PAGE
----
Mumbai, Jan. 29: Consumer goods major Hindustan Lever Ltd (HLL) has reported a 6.96 per cent growth in net profit despite a flat topline.
In the fiscal ended December 31, 2002, the company earned Rs 9,954.85 crore in net sales and posted a net profit of Rs 1,755.68 crore.
The rise in profit was propelled by a double-digit growth in some of its ‘power brands’, HLL said. The company’s key brands — called ‘power brands’ in HLL’s parlance — like Lifebuoy, Lux, Liril and even skin care products like Fair & Lovely beat competitors in their respective segments.
The figures would not indicate the true performance, said HLL chairman M. S. Banga pointing out the pressures under which the company had to operate.
“All of that drop is due to the divestment of some of our businesses and phasing out traded exports,” he added.
The board has recommended a final dividend of Rs 3 for the year, taking its total dividend, including interim dividend of Rs 2.50, to Rs 5.50 compared with Rs 5 paid last year.
The results met market expectations yet the HLL share fell Rs 3.75 to Rs 172.80 on the Bombay Stock Exchange. Reacting to the fall in share prices, Banga said, “I would hope that our investors are here for the long term.”
Banga added: “The Lever power brands have grown robustly, beating its competitors significantly. We have been focussing on restructuring and improving the products in certain categories. We will continue to focus on ‘power brands’ and invest in innovation and we look forward to 2003 with cautious optimism.”
Commenting on other low-priced products that have made an impact in the FMCG segment especially in the salt, tea and detergents category, Banga emphatically said: “We know how to deal with every kind of competition. Low-cost competition is not new in India nor is it new to HLL.” Wheel detergent, HLL's answer to Nirma in the nineties , is now the largest selling brand and is very profitable in its category, he said. The company has been focusing on 30 ‘power brands’ which includes Lux soap, Pears, Vim, Wheel all of which have clocked double-digit growth figures.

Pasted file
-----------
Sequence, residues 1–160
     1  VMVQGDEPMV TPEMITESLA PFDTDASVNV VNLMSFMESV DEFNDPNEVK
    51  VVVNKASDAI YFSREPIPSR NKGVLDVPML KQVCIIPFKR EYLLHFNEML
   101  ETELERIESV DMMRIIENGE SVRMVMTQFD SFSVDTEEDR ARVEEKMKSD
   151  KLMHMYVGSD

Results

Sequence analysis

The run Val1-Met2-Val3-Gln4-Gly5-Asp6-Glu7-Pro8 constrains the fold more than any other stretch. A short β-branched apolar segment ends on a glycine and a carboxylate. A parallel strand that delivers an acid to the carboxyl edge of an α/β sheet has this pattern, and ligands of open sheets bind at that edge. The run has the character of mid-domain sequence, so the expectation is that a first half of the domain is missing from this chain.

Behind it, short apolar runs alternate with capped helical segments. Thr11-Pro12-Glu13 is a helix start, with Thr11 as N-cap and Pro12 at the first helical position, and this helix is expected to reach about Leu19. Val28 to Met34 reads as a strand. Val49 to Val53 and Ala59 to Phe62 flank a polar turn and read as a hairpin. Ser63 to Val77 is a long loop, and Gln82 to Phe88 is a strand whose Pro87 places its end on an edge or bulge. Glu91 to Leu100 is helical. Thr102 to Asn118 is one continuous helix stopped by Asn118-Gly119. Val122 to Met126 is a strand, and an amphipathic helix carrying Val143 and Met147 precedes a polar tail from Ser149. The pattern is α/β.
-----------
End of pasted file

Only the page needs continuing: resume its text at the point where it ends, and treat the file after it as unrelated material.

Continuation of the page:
For the fourth quarter ended December, the company’s net profit stood at Rs 466.51 crore (Rs 436.38 crore) while net sales were lower at Rs 2,634.50 crore (Rs 2,696.68 crore). The fourth quarter net profit includes Rs 76 crore, an exceptional item charge, on account of retirement benefits necessitated by falling interest rates and higher annuity cost of LIC. The company’s operating profit margin in the fourth quarter rose by 310 basis points from a year earlier.
“In 2002, we vigorously pursued our strategy of strengthening our brands to deliver sustainable quality growth in the face of intense competition, a sluggish economy and declining market,” the chairman said.
Sales of its home and personal care products segment, which houses most of its power brands and accounts for a large chunk of revenue, grew by 6 per cent during the quarter. The power brands in this segment grew 3.7 per cent. The gross margins of the foods business have increased by about 5 per cent, making the business increasingly ‘fit for growth’.